Below is a table that charts win percentage in relationship to both attempts and yardage. Take a look:

Rushing Statistics and Success Rate, 2002-2011

Rushing Statistics and Success Rate, 2002-2011

First and foremost, this was an outcome I did not expect at all. Logic told me that we’d see more of a “diagonal” relationship with win percentages. In other words, the higher the yards and attempts combined, the better the percentage.

But that didn’t happen at all. Instead, we see a reinforcement of the idea that total attempts matters more than anything else. If you look vertically across the chart, you’ll notice that the success rate is more consistent by column rather than by row or diagonally.

Honestly, one of the things that really stunned me was the 97.14% success rate where teams had only 60-79 yards and 30-34 attempts in a game. That’s at worst a 1.76 YPC and at best a 2.63 YPC.

I’d also like to note that most of these percentages are based on at least 100 games that match the criteria. So we’re not really looking at small sample sizes across the board.

I’m interested in hearing your comments. What do you make of this, and how does it apply to our ongoing conversation?

23

October

Packing the Stats: Rushing to Conclusions

Packing the StatsAfter Sunday afternoon’s 30-20 victory by the Green Bay Packers over the St. Louis Rams, I listened to Jason Wilde’s weekly appearance on ESPN Wisconsin’s radio show “Pack Attack.” The conversation immediately dove into a debate between Wilde, Bill Johnson, and Homer about the effectiveness of Alex Green’s rushing attempts. While he made 20 rushing attempts the entire game, Green only netted 35 yards for a 1.8 yards per carry average. His longest run was for 15 yards.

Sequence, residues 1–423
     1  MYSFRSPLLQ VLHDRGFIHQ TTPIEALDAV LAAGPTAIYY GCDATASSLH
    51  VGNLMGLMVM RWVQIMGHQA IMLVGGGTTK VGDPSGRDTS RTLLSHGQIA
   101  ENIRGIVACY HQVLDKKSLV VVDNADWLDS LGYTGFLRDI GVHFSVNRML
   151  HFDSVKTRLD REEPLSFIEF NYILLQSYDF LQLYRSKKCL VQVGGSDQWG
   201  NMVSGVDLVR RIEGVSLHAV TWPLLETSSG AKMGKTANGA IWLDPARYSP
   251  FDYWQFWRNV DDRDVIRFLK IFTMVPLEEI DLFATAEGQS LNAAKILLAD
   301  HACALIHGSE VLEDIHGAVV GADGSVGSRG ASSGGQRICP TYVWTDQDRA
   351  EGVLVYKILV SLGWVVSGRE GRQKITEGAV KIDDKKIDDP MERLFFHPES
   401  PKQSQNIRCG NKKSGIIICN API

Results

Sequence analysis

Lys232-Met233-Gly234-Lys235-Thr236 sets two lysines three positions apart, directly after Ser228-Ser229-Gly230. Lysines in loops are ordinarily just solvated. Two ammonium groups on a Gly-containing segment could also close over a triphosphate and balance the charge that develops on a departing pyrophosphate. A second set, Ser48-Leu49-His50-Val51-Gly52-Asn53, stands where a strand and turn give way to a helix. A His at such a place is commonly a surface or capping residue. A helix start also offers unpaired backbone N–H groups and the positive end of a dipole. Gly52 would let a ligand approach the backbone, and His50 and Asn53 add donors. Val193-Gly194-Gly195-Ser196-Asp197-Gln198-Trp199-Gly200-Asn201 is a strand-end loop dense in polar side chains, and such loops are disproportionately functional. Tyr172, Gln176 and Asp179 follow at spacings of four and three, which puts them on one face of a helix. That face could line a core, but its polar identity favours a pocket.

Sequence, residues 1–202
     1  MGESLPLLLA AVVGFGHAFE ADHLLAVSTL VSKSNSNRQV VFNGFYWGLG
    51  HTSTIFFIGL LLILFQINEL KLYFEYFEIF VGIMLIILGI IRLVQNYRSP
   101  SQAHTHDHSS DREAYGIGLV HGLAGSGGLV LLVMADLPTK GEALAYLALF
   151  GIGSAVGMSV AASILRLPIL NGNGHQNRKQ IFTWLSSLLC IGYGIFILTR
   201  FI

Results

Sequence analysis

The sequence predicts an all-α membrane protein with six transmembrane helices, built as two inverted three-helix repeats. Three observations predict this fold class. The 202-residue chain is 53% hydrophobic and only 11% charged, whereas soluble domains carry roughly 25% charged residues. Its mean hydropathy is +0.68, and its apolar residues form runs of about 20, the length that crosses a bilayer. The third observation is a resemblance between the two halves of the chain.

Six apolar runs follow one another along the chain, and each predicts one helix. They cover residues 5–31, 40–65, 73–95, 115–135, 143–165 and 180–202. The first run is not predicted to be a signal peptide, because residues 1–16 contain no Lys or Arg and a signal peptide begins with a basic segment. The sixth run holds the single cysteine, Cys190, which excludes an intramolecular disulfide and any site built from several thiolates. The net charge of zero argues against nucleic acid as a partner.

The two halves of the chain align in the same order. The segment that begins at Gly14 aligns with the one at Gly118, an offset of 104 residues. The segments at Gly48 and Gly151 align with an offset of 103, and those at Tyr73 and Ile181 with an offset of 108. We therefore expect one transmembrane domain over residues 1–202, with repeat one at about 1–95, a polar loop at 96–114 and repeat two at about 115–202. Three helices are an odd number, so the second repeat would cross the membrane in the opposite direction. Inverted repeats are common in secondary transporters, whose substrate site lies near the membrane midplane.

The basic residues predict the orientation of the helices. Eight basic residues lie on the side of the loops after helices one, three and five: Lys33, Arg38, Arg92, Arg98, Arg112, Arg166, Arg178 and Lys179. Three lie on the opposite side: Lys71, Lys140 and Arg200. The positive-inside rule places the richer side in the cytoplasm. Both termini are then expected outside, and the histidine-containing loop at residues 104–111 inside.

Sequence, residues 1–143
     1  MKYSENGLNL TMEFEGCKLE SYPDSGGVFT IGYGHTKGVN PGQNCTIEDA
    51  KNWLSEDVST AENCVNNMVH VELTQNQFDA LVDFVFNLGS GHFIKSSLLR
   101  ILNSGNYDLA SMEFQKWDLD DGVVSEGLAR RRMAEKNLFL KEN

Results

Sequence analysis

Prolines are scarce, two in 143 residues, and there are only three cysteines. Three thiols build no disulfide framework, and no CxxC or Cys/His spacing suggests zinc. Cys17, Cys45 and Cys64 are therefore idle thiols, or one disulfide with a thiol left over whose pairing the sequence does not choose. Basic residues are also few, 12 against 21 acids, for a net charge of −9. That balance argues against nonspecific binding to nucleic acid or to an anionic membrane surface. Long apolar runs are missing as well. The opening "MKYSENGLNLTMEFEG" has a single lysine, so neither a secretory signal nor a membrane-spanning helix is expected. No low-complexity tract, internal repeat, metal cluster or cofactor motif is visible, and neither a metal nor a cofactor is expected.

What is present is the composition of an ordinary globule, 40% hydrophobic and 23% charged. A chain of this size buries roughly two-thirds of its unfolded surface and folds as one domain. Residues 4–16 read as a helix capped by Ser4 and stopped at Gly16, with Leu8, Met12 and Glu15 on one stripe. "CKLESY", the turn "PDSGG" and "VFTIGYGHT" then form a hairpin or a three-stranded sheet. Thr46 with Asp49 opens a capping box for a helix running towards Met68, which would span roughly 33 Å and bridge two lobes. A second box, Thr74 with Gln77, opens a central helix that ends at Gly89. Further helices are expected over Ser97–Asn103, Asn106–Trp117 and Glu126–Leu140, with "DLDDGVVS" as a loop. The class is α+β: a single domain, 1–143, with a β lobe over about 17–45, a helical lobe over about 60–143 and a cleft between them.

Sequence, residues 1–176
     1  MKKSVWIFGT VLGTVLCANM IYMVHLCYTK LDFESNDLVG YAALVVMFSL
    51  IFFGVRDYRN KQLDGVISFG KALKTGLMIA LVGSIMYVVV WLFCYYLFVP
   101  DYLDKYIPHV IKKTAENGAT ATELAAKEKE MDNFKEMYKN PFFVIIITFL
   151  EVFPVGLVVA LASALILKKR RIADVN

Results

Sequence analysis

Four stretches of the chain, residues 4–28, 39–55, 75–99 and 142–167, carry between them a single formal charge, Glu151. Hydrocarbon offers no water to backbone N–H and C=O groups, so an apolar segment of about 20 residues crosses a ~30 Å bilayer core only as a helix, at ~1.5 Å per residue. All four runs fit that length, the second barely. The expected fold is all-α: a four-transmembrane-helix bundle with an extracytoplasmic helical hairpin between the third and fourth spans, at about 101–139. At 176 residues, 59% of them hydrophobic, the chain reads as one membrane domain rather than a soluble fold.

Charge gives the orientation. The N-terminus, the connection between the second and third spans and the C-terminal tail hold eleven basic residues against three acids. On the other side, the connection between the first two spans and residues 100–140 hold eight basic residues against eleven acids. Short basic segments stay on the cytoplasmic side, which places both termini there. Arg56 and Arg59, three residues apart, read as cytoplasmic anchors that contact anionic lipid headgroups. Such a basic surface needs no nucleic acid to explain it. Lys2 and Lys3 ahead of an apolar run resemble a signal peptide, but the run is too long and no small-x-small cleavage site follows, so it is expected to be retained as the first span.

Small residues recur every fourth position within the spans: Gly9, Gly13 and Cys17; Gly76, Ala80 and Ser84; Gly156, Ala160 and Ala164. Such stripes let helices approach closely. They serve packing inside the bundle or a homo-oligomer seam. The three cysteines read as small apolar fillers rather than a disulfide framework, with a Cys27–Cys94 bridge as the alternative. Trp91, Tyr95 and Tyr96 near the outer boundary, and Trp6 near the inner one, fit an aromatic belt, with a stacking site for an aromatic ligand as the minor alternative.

On one side of the debate was Jason Wilde, who maintained that making the attempts to run the ball was more important than their overall yards per carry. He posited that the defense’s linemen would have to account for a run, even if it wasn’t for significant yardage. That means they couldn’t just “pin their ears back” and go after the quarterback each down.

Opposing this idea was Bill and Homer, who both insisted that Green’s yards per carry was unacceptable and would need to get better in the future to ensure offensive success. They claimed that if the running game isn’t making traction, then the defense doesn’t really have to worry about it, period. (Jason Wilde eventually called them “stubborn” in their opinions.)

So which matters more – yards per carry or total rushing attempts? This really piqued my interest from a statistical standpoint, and I decided to head over to Pro-Football-Reference.com to being my research. My sample data was all games (regular season and postseason) within the past ten years (2002-2011) that matched the rushing criteria below.

(You can download the complete Excel file here: rushing_stats.xlsx)

TOTAL RUSHING YARDS PER GAME (2002-2011)
TOTAL YARDS W L T W-L% COUNT GBP W-L% GBP COUNT
60-79 212 513 1 29.20% 726 30.40% 23
80-99 342 527 0 39.36% 869 68.60% 35
100-119 435 427 0 50.46% 862 61.30% 31
120-139 393 291 0 57.46% 684 75.00% 20
140-159 352 189 0 65.06% 541 61.10% 18
AVERAGE YARDS PER ATTEMPT (2002-2011)
YDS/ATT W L T W-L% COUNT GBP W-L% GBP COUNT
1.0-1.9 42 77 1 35.00% 120 33.30% 3
2.0-2.9 322 363 0 47.01% 685 65.20% 23
3.0-3.9 786 768 1 50.55% 1555 64.00% 50
4.0-4.9 746 745 1 50.00% 1492 52.50% 40